## Thursday, 3 December 2015

### Chemical Energetics (4) Measuring the enthalpy change of reaction (i)

Chemical Energetics (4) Measuring the enthalpy change of reaction.

I love sherbet that sweet tangy white stuff that used to come in a yellow tube with a stick of liquorice or encased in rice paper or in a long straw or even as a dib-dab!!.

Put this stuff in your mouth and the thing fizzes and it goes cold.

What’s going on?

Well there is an endothermic reaction going on as the sherbet mixture dissolves in your saliva.

As it dissolves in your saliva your tongue feels cold: endothermic then….

And the fizzing must be a gas given off.

That all tells us that the reaction is a neutralisation between a solid but soluble acid, in this case citric acid C6H8O7 , and a solid but soluble base, in this case sodium hydrogen carbonate NaHCO3

How can we measure the enthalpy of reaction between citric acid and sodium bicarbonate?

The best approach to get at this enthalpy change is to use a polystyrene pot as in the diagram below:

The reaction takes place in solution and the temperature changes rising if the reaction is exothermic and decreasing if the reaction is endothermic.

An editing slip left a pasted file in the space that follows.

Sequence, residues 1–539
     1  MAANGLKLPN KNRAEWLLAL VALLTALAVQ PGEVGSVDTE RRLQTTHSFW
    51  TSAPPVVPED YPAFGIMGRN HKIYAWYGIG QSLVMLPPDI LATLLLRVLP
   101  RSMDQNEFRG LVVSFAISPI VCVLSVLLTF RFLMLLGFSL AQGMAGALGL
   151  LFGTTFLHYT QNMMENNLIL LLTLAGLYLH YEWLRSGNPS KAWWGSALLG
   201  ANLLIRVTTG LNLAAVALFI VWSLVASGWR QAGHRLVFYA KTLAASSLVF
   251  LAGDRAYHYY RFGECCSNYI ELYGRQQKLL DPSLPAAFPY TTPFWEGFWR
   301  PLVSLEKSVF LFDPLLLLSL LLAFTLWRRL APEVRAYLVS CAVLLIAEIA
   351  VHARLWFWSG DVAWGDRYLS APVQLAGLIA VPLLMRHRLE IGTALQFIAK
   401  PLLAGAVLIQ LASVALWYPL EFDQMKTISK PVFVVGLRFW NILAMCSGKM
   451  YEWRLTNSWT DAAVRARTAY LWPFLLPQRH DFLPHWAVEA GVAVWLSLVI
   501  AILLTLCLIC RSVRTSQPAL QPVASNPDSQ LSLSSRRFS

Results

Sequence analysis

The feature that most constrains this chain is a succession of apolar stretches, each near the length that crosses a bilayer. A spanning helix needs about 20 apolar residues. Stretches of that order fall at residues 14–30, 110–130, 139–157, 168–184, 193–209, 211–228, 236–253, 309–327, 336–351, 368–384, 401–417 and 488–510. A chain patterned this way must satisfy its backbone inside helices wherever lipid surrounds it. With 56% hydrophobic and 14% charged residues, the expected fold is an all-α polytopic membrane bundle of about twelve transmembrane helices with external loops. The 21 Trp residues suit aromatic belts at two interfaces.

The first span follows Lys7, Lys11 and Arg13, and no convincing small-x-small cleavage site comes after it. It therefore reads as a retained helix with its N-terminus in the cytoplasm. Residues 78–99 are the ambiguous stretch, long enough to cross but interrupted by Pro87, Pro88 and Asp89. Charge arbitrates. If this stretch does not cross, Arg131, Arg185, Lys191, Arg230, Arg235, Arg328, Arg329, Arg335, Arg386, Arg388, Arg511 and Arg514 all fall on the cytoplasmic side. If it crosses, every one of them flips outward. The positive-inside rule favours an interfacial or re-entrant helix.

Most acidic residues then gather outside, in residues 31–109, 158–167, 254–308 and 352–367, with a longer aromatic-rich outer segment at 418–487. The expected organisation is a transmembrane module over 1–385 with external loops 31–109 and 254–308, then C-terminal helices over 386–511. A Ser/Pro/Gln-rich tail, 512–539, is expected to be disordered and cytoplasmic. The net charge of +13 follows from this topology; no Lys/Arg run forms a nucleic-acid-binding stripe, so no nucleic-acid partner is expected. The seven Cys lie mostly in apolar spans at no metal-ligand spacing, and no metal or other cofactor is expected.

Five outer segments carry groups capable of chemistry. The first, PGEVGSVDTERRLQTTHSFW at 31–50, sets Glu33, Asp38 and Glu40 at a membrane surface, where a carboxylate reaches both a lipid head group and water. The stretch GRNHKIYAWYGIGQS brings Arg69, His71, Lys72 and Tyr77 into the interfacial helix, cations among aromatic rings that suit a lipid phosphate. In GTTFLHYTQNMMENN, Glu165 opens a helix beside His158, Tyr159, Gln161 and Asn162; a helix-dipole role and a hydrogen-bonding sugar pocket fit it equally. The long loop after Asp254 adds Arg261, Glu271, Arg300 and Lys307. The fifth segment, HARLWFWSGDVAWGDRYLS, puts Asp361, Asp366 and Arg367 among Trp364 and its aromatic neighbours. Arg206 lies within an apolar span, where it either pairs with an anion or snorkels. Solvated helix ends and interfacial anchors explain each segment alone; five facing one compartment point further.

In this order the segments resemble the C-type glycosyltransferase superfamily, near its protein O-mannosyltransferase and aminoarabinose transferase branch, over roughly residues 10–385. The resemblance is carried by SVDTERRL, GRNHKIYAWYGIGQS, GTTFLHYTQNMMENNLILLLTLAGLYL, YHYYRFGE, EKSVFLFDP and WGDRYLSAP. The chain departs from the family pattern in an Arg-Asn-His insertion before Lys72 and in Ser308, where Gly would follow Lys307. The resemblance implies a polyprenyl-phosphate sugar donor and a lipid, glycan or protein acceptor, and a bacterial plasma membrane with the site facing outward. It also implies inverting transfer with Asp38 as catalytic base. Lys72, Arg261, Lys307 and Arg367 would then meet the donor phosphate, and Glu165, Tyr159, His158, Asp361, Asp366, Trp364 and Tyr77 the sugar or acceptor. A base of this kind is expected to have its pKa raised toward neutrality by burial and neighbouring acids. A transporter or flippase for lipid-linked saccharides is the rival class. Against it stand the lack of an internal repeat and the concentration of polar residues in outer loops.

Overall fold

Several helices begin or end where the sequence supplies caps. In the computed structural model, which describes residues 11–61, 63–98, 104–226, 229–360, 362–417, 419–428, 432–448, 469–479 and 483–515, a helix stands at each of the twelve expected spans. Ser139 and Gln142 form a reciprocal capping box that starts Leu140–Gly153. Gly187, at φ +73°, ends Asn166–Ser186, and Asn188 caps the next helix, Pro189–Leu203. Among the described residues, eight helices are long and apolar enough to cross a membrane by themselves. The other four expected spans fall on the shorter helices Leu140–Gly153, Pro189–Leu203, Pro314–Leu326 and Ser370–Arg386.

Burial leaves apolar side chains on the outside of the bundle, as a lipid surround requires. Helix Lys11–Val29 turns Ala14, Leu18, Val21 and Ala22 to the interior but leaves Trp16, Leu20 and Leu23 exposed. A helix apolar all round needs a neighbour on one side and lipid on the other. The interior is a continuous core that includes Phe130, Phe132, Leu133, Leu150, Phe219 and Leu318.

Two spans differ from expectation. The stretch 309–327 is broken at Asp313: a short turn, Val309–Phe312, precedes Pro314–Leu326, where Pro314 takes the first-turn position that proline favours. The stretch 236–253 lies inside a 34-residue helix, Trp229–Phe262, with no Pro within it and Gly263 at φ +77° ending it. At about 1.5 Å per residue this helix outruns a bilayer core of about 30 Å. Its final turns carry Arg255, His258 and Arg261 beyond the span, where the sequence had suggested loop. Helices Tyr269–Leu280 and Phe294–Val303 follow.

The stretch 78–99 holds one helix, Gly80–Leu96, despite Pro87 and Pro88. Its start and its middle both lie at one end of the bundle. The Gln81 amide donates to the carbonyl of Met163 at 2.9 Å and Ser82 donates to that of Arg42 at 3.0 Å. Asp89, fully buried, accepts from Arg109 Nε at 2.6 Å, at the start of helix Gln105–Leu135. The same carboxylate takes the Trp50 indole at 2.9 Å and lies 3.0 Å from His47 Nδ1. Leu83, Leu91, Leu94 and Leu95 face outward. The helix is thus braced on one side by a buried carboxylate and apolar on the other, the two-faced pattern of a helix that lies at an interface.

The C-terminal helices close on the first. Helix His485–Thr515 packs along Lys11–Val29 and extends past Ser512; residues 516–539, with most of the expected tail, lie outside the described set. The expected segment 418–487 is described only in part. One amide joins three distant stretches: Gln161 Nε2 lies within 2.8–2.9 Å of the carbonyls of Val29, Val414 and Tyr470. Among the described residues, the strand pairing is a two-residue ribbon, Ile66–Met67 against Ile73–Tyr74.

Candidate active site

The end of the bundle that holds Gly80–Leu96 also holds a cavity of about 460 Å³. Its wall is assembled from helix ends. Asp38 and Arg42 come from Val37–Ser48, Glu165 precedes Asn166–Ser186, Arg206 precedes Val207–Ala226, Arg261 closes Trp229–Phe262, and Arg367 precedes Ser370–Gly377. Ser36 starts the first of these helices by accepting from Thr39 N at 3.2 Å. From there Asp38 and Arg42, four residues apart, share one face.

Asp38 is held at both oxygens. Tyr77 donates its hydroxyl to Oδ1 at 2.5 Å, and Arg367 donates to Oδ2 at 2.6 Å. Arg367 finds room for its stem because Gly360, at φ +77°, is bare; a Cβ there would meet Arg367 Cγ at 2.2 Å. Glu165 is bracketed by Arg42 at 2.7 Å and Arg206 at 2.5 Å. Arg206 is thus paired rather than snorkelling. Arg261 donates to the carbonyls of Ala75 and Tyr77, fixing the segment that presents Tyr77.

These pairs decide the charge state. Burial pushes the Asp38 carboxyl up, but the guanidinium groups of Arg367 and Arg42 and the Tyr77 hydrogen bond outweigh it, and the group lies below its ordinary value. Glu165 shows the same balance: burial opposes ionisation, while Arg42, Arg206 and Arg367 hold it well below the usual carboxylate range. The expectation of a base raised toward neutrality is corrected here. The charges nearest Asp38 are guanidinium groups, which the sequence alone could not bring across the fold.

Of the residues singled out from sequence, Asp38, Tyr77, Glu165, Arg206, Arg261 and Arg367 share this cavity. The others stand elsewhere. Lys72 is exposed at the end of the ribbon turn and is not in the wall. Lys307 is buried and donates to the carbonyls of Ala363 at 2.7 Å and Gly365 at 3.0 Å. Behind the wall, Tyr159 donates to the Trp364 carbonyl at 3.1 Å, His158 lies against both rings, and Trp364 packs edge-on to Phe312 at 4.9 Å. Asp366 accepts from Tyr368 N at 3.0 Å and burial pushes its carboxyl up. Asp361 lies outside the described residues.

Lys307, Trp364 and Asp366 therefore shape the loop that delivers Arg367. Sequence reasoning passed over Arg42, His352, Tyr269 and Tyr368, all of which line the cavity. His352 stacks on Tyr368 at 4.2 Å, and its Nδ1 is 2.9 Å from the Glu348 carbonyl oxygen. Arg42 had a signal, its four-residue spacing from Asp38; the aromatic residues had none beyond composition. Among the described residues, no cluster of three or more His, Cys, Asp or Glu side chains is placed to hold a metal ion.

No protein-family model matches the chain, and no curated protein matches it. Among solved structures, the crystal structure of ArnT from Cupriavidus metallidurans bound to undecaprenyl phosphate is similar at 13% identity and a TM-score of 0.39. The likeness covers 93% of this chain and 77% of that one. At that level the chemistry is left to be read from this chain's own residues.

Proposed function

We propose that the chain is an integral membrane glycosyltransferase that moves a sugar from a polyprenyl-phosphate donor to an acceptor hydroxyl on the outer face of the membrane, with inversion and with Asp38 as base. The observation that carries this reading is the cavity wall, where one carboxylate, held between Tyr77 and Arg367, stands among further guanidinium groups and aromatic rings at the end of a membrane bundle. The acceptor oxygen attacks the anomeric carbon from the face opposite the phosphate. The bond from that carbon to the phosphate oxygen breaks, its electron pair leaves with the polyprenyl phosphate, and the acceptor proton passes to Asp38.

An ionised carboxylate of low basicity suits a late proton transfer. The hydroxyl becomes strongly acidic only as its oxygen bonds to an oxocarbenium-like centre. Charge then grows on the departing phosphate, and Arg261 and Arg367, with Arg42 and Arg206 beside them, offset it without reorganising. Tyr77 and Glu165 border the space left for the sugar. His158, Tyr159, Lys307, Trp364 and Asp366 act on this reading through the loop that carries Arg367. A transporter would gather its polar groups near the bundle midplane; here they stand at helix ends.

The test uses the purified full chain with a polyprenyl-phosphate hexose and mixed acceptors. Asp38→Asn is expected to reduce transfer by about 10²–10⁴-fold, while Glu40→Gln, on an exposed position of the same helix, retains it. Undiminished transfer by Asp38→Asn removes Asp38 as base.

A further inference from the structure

The system is the reaction that takes place and the surroundings are the solution in which the reaction happens.

We can determine the energy transferred between reaction and the solution using the simple formula

E   = m  c  ΔT

Where E is the energy transferred, m  is the mass of solution c is the specific heat capacity of the solution and ΔT the greatest temperature change during the reaction.

If we use excess citric acid solution and add a known mass of sodium hydrogen carbonate then we can determine the energy released per mole of sodium hydrogen carbonate.

Here are a typical set of results and a calculation of the enthalpy change:

Suppose we add 9.36g of sodium hydrogen carbonate (0.111mol) to 31.64g of a 1.46M solution of citric acid.

The temperature change can be recorded every 15 seconds and the results plotted as a Temperature vs time graph.

The resulting plot looks like this:

You could also record this data using a temperature probe and a datalogger.

From the graph you can determine the greatest temperature fall.

This fall is 17oC down to 3oC a fall of 14oC.

So using E  =  m c ΔT

E =  31.64g  *   4.18 J/g/oC  *  14oC

E  =    1852 Joules

In the polystyrene pot there were 0.111moles of sodium bicarbonate and 0.046 mol citric acid.

This means that the citric acid is in excess.

3 moles sodium hydrogen carbonate react with one mole citric acid

Here is the equation for the reaction:

3NaHCO3    +    H3C6H5O7  =   Na3C6H5O7   +   3CO2  +   3H2O

Since 3*0.046 mol = 0.148 mol sodium hydrogen carbonate are needed to react with 0.046 mol citric acid and only 0.111 mole were added, it is the citric acid that is in excess and so it is the amount of sodium hydrogen carbonate determines the values of the enthalpy change.

Therefore, 1852 Joules were taken in from the surroundings when 0.111 mole of sodium hydrogen carbonate were neutralized.

Scaling up to the value of energy released per mole of sodium hydrogen carbonate

ΔH  =   1852 J/mol   =   +16,684 kJ/mol
0.111